England and Nowhere

Written by Mario Relich for Lines Review on

The Nobel Prize for Literature awarded to Derek Walcott should indicate that there are many other excellent West Indian poets, rather than that he is some sort of isolated genius. I deliberately say ‘West Indian’ rather than ‘Caribbean’ because Walcott’s supreme achievement, although other poets have prepared the way for him, is to make the term ‘West Indian’ in relation to Caribbean poetry in English completely justified. ‘West Indian’ poetry, as opposed to merely ‘Caribbean’, which simply refers to the region, is characterised by what another West Indian poet and novelist, Wilson Harris, called the ‘cross-cultural imagination’. It can be defined as poetry open to various cultural influences in order to arrive at new, and more mature than history has hitherto allowed, visions of what it means to be human. The poets under consideration here all focus on such visions.

...From Barbados, like Kamau Brathwaite, who may be considered Browning to Walcott’s Tennyson, Kevyn Alan Arthur, again like Brathwaite, displays a more Afro-Caribbean perspective in England and Nowhere, his first collection. Like Hopkinson and Roopnaraine, however, he is equally West Indian in cross-cultural sensibility. The title of the collection alluding to lines by T.S. Eliot, his poems are characterised by philosophical probings which are continually undercut by awareness of inexorable realities. The title poem itself, which subtly undermines Eliot’s view of human identity, is one of the most exciting, particularly in the following lines:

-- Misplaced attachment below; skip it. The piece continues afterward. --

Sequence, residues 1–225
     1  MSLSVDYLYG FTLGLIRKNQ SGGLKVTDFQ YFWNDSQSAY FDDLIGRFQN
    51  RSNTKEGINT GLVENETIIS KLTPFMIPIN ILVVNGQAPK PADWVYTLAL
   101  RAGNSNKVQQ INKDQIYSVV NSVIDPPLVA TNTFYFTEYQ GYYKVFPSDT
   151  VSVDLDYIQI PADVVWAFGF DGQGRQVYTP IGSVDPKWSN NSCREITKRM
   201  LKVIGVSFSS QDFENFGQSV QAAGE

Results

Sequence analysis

So since what I am is for anyone to decide
let me decide now, here, and once and for all,
that in such geographical terms I’m Amerindian:
them powerful squirts of Massa’s British blood
in these inky Afric veins are nothing to
that delciate stab of Amerindian gore
that makes me native in this hemisphere.

As far as I’m concerned, the above lines are very much a case of ‘what oft was thought, but ne’er so well expressed.’ Reading West Indian poetry, as Arthur’s onservations testify, along with the collections by Hopkinson and Roopnaraine, opens up new vistas in the re-exploration of human possibilities.